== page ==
Mkhize addresses COVID cluster outbreaks in Eastern Cape
Health Minister Dr Zweli Mkhize says there is a need to urgently iron out any issues which may hinder the fight against COVID-19 in Eastern Cape.
The province has for the past few weeks experienced surges in positive COVID-19 cases in a number of districts and sub-districts – contributing to a 50% spike in week-to-week numbers.
This prompted urgent action by Mkhize and the National Department of Health, who met with Eastern Cape government officials on Tuesday to discuss an action plan to deal with the rising case numbers.
“There was a time when the whole country was going to through a surge and the numbers came down into a plateau. Most provinces that still have high numbers, they are basically still trying to come down from their first wave; but Eastern Cape is different,” Mkhize said.
“We are now starting to get new cluster outbreaks. There are cluster outbreaks that we have to manage aggressively. If we don’t do so, that is the beginning of the pandemic getting out of control…It is still very possible that we can suppress this wave and therefore delay the resurgence.”
Mkhize received reports from various municipalities as well as from the provincial health department which focussed on the epidemiology of the virus in the province.
“We do need to go out into the community and try to reduce this as much as possible. There are a few steps that we want to proposed and support so that we move forward,” Mkhize said during his address at the Livingstone Hospital.
He discussed a number of steps which need to be taken urgently:
Reinforcement of staff
“We have agreed that we should move the Cuban doctors and also get support from Doctors Without Borders to reinforce where we need more doctors…If we need to go to other parts of the country and say we need so many doctors to reinforce the Eastern Cape, let’s do so,” he said.
“We had increased the number of nurses that needed to be employed during the surge so I need to know what happened because I have heard that you have lost some of those nurses. Where there is a challenge of the shortage of nurses, that needs to be addressed.”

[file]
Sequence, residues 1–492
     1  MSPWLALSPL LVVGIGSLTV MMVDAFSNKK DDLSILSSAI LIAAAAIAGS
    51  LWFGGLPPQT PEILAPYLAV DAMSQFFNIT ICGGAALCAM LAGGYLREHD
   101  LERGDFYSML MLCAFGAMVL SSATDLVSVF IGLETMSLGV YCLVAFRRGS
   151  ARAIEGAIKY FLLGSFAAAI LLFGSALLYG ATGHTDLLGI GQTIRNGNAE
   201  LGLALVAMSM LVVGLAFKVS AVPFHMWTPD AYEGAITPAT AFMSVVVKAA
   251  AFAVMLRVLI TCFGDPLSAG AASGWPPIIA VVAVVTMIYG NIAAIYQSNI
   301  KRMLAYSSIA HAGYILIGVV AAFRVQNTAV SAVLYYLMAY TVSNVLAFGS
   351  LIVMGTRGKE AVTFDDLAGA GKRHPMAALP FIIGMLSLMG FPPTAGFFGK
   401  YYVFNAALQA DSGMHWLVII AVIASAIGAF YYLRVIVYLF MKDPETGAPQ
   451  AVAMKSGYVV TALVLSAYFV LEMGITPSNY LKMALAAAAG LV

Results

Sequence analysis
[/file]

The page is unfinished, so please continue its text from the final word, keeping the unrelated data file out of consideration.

Testing capacity and PPE
Mkhize said the turnaround time for testing should not be delayed.
“The other issue that I was glad to hear is the issue of PPE for the staff. We went through that issue in a very difficult way before, because our staff and our unions were complaining. We took a decision that for every facility, there should be an Occupational Health and Safety Committee consisting of staff, labour unions and management. The reason for this is that we had enough stock in some areas, but the distribution was a problem. I am happy there is no issue this time,” he said.
Mkhize said staff exhaustion is a massive concern.
“There is an issue that is a matter of real concern, that is the staff exhaustion. We have asked that all the provinces must work out a plan that helps the staff. It is matter of the mental strain associated with the way we organise the work, the amount of information people have as they deal with problems, and the extent to which they can get rest…We must not take this lightly,” he said.
Social behavioural change
Mkhize was shown pictures of taverns, street parties and festivals where COVID-19 regulations were not being adhered to. In these instances, there were a large number of people in a confined area – all of whom were not wearing masks or practicing social distancing.
Mkhize said businesses organisations that are not complying to COVID-19 prevention protocols should be closed down or fined.
The minister will continue his visit to the Eastern Cape with inspections of the Nelson Mandela Bay testing site, the Dora Ngiza Hospital and the VW field hospital.